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Center Column Archives
All around the world May Day has been a day for labor solidarity, immigrant rights, direct action, reclaiming the streets, and speaking out against injustice. May Day 2015 in the Northern California was a busy day for actions from San Francisco and Oakland to San Jose and Mountain View to Santa Cruz and Fresno. Call-outs went out for rallies, marches, flying pickets, the shutdown of the Port of Oakland, a tech commute blockade, and an anti-capitalist/Baltimore solidarity march.
On April 12, the Anti Police-Terror Project (APTP), in conjunction with Yuvette Henderson’s family, held a vigil and caravan in the name of Yuvette, killed with an AR-15 by Emeryville police. Numerous other demonstrations have been held to demand justice for Yuvette as well. On April 21st, the Oakland police department conceded to community pressure and allowed the brother and sister of Yuvette to view the videos leading up to her murder, which is rare after a police killing, but her family was told that the two most critical events of the day were not available for review.
Suppliers of Driscoll’s, which may be the U.S.’s most recognizable brand name on strawberry, raspberry, blueberry and blackberry cartons, are coming under fire for allegedly abusing workers, in the U.S. and Mexico. One Driscoll’s grower has spent weeks embroiled in a major farmworker protest, while a nearly two-year boycott against another grower recently intensified. Workers in both disputes have called for a boycott against the company.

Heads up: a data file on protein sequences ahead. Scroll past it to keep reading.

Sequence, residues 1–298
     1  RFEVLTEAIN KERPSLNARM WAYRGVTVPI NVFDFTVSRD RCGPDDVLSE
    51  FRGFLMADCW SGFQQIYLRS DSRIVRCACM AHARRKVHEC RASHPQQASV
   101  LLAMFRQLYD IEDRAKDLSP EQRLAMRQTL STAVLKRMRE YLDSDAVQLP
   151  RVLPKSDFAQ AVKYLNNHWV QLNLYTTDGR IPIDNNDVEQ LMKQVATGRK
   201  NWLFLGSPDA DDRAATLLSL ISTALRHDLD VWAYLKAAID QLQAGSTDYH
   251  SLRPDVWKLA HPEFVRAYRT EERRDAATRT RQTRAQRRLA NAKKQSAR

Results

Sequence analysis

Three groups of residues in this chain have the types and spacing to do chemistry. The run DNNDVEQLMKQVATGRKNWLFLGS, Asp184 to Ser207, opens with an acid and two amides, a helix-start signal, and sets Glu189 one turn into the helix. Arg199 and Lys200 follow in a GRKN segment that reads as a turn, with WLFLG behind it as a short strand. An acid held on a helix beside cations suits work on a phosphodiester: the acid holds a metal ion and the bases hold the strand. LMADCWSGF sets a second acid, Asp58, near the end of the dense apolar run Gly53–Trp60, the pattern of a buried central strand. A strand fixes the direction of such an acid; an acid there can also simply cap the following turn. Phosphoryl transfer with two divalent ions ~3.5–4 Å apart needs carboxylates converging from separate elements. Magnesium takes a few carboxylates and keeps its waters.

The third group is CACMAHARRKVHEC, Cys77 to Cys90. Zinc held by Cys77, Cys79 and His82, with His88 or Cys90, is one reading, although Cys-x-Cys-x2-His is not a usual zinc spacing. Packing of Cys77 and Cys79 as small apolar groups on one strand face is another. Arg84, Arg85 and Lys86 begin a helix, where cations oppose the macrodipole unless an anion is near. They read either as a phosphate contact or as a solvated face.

On March 9, U.S. Marshals chased the wrong man, leading to Jabari Shaw, a friend, and his daughter getting into a car crash in East Oakland. All three were hospitalized. Initial media reports labeled the “suspect” as a “violent fugitive.” Activists quickly mobilized to counter that story when the man turned out to be Jabari Shaw, a college student, father, and well known anti-police brutality activist. With hospital bills mounting, friends and supporters held a fundraiser at East Side Cultural Center on March 29.
As soon as April 16, the East Bay Zoological Society can begin sectioning off the combined seventy-seven acre “California Trail” and mitigation sites from public access behind an 8-foot chain-link barbed wire fence. On March 27, fifty people assembled to inaugurate a direct action campaign against the “California Trail” project that would expand the Oakland Zoo into the undeveloped 400-acre region known as Huchiun to Ohlone people, commonly referred to as Knowland Park.
On April 14, a call to end business as usual to stop police killings brought demonstrations and protests from coast to coast. In San Francisco protesters took to the streets in La Mission and on the steps of City Hall. At least two hundred protesters went to City Hall and disrupted the Board of Supervisors meeting, chanting "no justice, no peace, no racist police." Simultaneous actions took place in Oakland and Stockton, too.
Afrika Town is a community garden in what was long a vacant lot in Oakland next to the Qilombo social center. On March 26, the landowner came with a bulldozer to raze the garden, backed up by Oakland police officers. Activists quickly gathered and were able to convince the landowner to return a week later. On April 3, dozens of community members turned out to defend the garden. The owner backed down, giving Afrika Town the opportunity to buy the land. Afrika Town is now in dire need of funds to survive.